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March 31, 2008

Effect of Insured's Bankruptcy on Mortgagee Claim for Fire Insurance Proceeds

Generally, a mortgagee under a fire insurance policy is required to obtain a deficiency judgment in a foreclosure action within ninety days after the delivery of the referee's deed pursuant Real Property Actions and Proceedings Law § 1371(3), in order to maintain its insurable interest to recover insurance proceeds following a fire. Failure to obtain a deficiency judgment results in an extinguishment of the mortgagee's insurable interest, and the mortgage debt is presumed to have been satisfied in full under the rule established by the New York Court of Appeals in Whitestone Savings & Loan Association v Allstate Insurance Company, 28 N.Y.2d 332 (1971) and Moke Realty Corp. v Whitestone Savings & Loan Association, 82 Misc. 2d 396; aff'd, 51 A.D.2d 1005, aff'd 41 N.Y.2d 954 (1977).

Recently, the Appellate Division, Second Department, held that where a Federal Bankruptcy Court order enjoined the mortgagee from bringing any action to recover against the mortgagor personally, the mortgagee was not required to obtain a deficiency judgment in a mortgage foreclosure action in order to proceed directly against the fire insurer to recover the balance due on its mortgage following a fire loss to the mortgaged real property. Washington Mutual Bank v Allstate Insurance Company, 2008 N.Y. App. Div. LEXIS 1321, February 13, 2008.

In Washington Mutual, an order in the insured's bankruptcy proceeding modified the bankruptcy automatic stay to permit Washington Mutual's predecessor to foreclose on the subject real property. While the order permitted the mortgagee to seek leave to enter a deficiency judgment against the mortgagor, even while the bankruptcy proceedings were pending, the Bankruptcy Court instructed the mortgagee not to file any proof of claim in the bankruptcy because there were no assets to pay creditors. Thus, the filing of such a proof of claim in a "no assets" bankruptcy would have been "meaningless and worthless" according to the Court.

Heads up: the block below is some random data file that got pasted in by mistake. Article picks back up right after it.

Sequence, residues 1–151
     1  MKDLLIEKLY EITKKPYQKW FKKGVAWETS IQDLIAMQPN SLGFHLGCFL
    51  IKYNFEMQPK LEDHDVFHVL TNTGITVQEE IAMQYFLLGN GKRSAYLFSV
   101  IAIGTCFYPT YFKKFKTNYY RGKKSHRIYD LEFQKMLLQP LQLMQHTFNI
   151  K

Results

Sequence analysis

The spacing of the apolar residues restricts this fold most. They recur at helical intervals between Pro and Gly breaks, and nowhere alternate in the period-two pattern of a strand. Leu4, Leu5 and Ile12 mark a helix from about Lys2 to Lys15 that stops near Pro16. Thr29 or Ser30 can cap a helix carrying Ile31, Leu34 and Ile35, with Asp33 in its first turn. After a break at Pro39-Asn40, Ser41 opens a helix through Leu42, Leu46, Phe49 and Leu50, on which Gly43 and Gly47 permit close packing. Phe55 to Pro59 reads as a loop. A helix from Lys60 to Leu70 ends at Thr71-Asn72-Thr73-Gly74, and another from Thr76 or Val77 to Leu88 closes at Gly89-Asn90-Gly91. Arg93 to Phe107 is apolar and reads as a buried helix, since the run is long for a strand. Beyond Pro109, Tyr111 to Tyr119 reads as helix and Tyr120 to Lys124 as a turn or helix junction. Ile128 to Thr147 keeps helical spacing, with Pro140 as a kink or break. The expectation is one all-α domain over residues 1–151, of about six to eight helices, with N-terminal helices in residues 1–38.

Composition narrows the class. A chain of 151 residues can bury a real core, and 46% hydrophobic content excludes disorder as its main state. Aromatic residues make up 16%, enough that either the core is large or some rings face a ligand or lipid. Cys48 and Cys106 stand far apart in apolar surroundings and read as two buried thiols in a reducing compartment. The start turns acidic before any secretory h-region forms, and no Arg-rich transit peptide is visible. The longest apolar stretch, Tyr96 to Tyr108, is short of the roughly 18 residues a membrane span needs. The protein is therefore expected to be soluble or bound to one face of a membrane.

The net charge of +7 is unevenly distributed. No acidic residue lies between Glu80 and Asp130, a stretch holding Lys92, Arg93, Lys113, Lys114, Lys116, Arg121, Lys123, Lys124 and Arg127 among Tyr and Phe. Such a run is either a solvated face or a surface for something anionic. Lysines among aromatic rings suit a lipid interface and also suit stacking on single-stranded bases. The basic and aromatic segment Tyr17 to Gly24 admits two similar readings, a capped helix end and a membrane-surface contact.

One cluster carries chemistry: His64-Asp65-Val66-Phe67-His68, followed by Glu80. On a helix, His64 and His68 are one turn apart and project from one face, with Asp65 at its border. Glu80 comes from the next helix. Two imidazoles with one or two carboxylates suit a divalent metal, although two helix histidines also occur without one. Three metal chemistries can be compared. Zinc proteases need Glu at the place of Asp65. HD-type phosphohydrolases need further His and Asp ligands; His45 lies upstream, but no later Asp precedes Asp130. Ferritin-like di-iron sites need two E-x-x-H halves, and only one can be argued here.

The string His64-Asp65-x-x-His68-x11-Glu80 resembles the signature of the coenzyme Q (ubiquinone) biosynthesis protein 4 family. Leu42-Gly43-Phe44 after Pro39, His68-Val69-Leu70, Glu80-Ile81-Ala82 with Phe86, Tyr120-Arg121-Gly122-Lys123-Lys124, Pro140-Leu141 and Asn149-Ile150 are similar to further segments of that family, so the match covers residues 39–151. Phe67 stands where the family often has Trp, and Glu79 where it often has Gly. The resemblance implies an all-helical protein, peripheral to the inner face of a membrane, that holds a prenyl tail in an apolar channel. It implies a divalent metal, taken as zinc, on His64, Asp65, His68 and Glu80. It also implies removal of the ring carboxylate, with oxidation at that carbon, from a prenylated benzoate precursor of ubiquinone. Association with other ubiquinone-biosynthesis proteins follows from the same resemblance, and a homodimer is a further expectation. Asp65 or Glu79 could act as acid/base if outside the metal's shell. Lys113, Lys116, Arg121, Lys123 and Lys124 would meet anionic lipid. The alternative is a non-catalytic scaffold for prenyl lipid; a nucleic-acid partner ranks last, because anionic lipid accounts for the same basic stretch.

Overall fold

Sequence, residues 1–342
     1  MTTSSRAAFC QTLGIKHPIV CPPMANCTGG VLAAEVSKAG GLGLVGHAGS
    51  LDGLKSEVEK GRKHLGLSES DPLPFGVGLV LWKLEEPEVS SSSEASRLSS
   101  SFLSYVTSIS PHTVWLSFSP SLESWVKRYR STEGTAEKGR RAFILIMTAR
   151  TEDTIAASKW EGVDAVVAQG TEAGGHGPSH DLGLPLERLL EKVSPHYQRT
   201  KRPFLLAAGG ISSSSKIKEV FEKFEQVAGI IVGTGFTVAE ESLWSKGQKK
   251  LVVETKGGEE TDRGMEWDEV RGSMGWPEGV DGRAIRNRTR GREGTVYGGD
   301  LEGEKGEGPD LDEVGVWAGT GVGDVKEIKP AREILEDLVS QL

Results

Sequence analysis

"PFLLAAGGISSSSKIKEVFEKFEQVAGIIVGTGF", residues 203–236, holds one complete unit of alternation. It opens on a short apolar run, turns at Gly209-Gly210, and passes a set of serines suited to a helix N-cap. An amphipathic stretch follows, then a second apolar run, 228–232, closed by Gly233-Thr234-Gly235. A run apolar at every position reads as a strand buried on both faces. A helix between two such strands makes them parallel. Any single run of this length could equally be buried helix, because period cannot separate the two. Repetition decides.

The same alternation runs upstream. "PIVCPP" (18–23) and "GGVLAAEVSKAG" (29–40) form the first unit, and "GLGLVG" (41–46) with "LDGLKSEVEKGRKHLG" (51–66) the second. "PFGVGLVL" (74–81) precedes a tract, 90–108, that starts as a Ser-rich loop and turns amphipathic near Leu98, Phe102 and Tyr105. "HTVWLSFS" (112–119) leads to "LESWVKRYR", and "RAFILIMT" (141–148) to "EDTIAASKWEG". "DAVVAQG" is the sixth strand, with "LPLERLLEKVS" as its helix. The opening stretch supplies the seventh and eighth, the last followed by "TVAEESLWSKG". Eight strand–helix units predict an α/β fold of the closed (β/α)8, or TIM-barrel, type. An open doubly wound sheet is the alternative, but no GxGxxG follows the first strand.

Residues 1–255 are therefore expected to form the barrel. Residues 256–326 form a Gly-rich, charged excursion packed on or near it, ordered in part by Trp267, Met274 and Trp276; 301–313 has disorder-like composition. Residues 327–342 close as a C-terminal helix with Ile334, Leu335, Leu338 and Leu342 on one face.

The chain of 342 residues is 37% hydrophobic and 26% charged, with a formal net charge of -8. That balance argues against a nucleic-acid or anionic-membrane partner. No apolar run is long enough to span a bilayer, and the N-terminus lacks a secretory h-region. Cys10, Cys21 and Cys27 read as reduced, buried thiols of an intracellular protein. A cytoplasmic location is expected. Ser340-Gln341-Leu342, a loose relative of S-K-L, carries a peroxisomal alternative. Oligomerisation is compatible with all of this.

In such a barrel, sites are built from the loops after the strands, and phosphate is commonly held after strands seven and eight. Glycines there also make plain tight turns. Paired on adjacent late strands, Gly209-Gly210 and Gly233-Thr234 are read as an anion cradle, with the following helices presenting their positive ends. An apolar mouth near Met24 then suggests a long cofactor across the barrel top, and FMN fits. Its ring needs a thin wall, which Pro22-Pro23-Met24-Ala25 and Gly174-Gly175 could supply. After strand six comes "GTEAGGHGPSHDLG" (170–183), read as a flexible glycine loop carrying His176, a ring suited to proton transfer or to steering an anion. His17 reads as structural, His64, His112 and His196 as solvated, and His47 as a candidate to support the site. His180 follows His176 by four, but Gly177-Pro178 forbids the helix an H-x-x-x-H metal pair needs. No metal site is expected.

Significantly, the foreclosure sale did not occur until more than five years after the date of the final judgment in the bankruptcy proceeding. The Appellate Division noted that an application for a deficiency judgment by the mortgagee "not only would have violated the decree of the Bankruptcy Court, but also, it would have resulted in a judgment that would have been void as it would have been based on an indebtedness from which the mortgagor had already been discharged. Such an application would have violated the general rule that the '[discharged] [mortgagor] cannot be the subject of a deficiency judgment motion'. *** Under these circumstances, we agree with the Supreme Court that the plaintiff's failure to make a timely motion for leave to enter a deficiency judgment, should not relieve the defendant of its contractual obligation that it otherwise would have to pay, the fire loss claim pursuant to the mortgage loss payable clause of the policy."

This case is an exception to the general rule that the failure of the mortgagee in foreclosure to obtain a deficiency judgment will extinguish the mortgagee's insurable interest, and preclude recovery by the mortgagee under a fire insurance policy insuring the mortgagee under a mortgagee loss payable clause.


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